Anger is a thief and a killer.

We will eventually discover the anger issues that triggered the Las Vegas shooter. His suppressed anger boiled over and he made the decision that he would not only take out innocent people but take his own life to spare the torment of facing man’s judgment. As though God’s judgment will be lighter. Yes, that was slight sarcasm.

Look closely at the majority of police-involved shootings. The anxiety and anger that boils up because a person or suspect refuses to comply or doesn’t comply as the officer demands, and the situation quickly escalates. Finger on trigger. Sudden movement. Trigger pulled.

Trayvon Martin was killed because a man got angry at how a boy addressed him and didn’t respect him as the authority figure he perceived himself to be as a neighborhood security patrolman. This man felt that he deserved as much respect and fear as law enforcement officers. He had a gun and he was going to prove a point once and for all. That gun would make the boy respect and fear him. Things quickly escalated and this man shot and killed a teenage boy whose only mistake was being in the wrong place at the wrong time on the receiving end of an angry, insecure, inadequate shell of a man. Some people quickly pointed the finger of blame towards Trayvon, dug up as much dirt as they could to prove that he caused his own murder. Trayvon did not unholster that gun and pull that trigger. His killer did. Then for several years after we have witnessed this man roam freely breaking laws, causing more harm, auctioning the murder weapon, and never getting help for his anger issues.

Can you see the common thread being sewn?

We’re not just talking about mental illness in the light of the stereotypical crazy person who walks around speaking in garbled tongue, professing to see images and hear voices. That is the extreme case. We’re talking about basic anger left unharnessed and not tended to.

Improper expression of anger over an extended period of time can create mental illness. Research shows that anger can lead to depression and sleep disorders. We read and hear testimony of perpetrators who were severely depressed and suffering from sleep deprivation.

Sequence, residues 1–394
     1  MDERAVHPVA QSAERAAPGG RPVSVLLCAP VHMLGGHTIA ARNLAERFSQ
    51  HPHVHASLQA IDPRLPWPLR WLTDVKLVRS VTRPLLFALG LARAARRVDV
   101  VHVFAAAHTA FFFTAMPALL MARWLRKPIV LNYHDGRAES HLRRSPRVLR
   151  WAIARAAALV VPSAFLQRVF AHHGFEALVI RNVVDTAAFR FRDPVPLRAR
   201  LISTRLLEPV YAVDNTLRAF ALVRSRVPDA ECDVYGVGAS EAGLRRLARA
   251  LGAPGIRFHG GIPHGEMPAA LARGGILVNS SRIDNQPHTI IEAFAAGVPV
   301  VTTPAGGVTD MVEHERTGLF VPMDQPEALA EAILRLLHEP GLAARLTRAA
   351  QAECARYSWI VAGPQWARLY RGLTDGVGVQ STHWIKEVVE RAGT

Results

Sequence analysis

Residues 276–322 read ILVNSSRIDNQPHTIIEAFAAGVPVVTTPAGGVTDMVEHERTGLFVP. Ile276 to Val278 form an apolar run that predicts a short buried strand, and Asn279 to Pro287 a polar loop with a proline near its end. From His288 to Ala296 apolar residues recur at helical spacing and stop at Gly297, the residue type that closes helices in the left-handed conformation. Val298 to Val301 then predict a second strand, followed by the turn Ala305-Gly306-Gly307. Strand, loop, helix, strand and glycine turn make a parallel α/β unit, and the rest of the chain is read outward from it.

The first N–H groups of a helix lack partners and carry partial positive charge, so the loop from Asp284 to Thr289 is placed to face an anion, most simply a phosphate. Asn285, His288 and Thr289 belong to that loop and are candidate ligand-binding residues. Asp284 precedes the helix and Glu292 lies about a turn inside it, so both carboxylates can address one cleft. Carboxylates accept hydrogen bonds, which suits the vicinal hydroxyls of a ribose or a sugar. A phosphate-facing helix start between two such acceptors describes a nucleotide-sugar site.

What happens to your mind and body when you don’t get enough sleep?

Now tack on top of that depression and the boiling anger that is waiting to be unleashed on something, someone—anyone.

Just because I haven’t listed examples of women and girls as perpetrators doesn’t mean we don’t have a huge anger issue targeting females. That would be a lie. Do an online search of girls fighting. You will see hundreds upon hundreds of videos and images of little girls as young as age six fighting. Then the brutality increases the older the females involved. There’s footage of bloody fights involving teenage girls and adult women, fighting in the streets, front yard lawns, in parking lots, and at malls and shopping centers. It appears that the public actually prefers watching females fight more than males. You even have videos of women, now-celebrities, like Cardi B, fighting with other young women over who knows what. With society forcing girls to be tougher, girls are rising to the occasion at alarming rates trying to prove that they can hang with the boys and can be crowned the “baddest bitch” so that other females don’t challenge them, and if they do, they might receive a beat down or a chance to snatch that crown.

In many ways I would say that females are more dangerous than males, because that anger is suppressed in a way that mixes an explosive concoction that is difficult to contain once released. We try to channel boys energy through the playing of sports. How do we channel and redirect that same energy for girls?